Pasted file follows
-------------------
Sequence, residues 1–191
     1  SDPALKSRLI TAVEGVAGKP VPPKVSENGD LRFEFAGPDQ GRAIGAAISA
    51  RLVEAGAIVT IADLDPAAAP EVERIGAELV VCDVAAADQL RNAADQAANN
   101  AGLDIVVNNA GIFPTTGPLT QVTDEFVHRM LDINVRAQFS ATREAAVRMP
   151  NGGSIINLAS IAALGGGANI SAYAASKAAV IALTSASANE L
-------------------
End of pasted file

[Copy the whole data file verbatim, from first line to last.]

Sequence, residues 1–191
     1  SDPALKSRLI TAVEGVAGKP VPPKVSENGD LRFEFAGPDQ GRAIGAAISA
    51  RLVEAGAIVT IADLDPAAAP EVERIGAELV VCDVAAADQL RNAADQAANN
   101  AGLDIVVNNA GIFPTTGPLT QVTDEFVHRM LDINVRAQFS ATREAAVRMP
   151  NGGSIINLAS IAALGGGANI SAYAASKAAV IALTSASANE L